CEPII, Recherche et Expertise sur l'economie mondiale
Poor Substitutes? Counterfactual methods in IO and Trade compared

Keith Head
Thierry Mayer

 Points clés :
  • We compare IO and Trade approaches to counterfactual analysis.
  • Our results show that despite its simplicity, the CES model gives an accurate prediction of a richer model in terms of product substitution patterns.
  • The quality of the prediction depends in large part on the average pass-through elasticity.

 Résumé :
Constant elasticity of substitution (CES) demand for monopolistically competitive firm-varieties is a standard tool for models in international trade and macroeconomics. Inter-variety substitution in this model follows a simple share proportionality rule. In contrast, the standard toolkit in industrial organization (IO) estimates a demand system in which cross-elasticities depend on similarity in observable attributes. The gain in realism from the IO approach comes at the expense of requiring richer data and greater computational challenges. This paper uses the dataset of Berry et al. 1995, who established the modern IO method, to simulate counterfactual trade policy experiments. We use the CES model as an approximation of the more complex underlying demand system and market structure. Although the CES model omits key elements of the data generating process, the errors are offsetting, leading to reasonably accurate counterfactual predictions. For aggregate outcomes, it turns out that incorporating non-unitary pass-through matters more than fixing over-simplified substitution patterns. We do so by extending the commonly used methods of Exact Hat Algebra and tariff elasticity estimation to take into account oligopoly.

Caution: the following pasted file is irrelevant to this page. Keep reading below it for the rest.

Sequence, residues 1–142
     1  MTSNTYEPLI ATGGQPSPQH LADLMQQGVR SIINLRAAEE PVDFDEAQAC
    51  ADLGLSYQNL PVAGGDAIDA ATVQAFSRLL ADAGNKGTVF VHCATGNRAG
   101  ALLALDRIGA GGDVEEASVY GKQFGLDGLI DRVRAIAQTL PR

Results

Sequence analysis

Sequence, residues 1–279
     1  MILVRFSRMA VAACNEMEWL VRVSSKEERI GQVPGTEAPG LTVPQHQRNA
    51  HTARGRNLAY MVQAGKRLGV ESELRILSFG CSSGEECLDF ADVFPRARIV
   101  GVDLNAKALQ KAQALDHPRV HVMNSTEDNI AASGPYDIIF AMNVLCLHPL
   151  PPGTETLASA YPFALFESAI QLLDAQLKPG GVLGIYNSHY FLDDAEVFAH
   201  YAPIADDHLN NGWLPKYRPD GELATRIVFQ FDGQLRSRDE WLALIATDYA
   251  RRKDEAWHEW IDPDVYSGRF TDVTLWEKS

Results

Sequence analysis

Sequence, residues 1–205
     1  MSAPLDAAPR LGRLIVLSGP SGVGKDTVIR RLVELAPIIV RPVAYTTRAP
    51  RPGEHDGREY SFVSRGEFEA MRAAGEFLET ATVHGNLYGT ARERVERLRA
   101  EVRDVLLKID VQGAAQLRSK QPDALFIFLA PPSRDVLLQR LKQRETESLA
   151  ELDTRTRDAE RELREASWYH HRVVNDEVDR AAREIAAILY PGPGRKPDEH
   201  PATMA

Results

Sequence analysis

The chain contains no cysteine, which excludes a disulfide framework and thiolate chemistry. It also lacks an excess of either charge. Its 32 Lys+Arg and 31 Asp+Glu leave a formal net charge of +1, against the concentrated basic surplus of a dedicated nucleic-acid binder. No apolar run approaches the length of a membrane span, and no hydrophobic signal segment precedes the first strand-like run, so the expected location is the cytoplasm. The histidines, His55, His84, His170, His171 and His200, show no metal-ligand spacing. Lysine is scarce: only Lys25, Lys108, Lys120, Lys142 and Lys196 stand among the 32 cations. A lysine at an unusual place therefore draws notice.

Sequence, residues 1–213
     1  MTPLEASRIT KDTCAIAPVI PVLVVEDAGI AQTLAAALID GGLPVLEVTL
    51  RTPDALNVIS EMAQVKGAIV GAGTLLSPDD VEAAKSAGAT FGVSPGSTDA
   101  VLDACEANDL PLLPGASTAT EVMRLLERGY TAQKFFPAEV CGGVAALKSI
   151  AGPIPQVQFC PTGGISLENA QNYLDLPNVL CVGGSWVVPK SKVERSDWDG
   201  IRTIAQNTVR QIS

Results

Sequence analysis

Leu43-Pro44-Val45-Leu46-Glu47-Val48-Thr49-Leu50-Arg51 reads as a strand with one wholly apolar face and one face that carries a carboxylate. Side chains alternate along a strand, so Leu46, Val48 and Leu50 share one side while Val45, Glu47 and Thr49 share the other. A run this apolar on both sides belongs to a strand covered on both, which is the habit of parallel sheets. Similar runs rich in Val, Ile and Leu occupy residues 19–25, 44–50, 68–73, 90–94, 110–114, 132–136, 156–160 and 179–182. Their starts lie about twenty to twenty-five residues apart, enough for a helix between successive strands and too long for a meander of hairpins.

Mots-clés : Constant Elasticity of Substitution | Industrial Organization | Oligopoly | Trade | Tariffs | Counterfactual analysis

 JEL : F1
CEPII Working Paper
N°2021-11, December 2021

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 Domaines d'expertise

Commerce & Mondialisation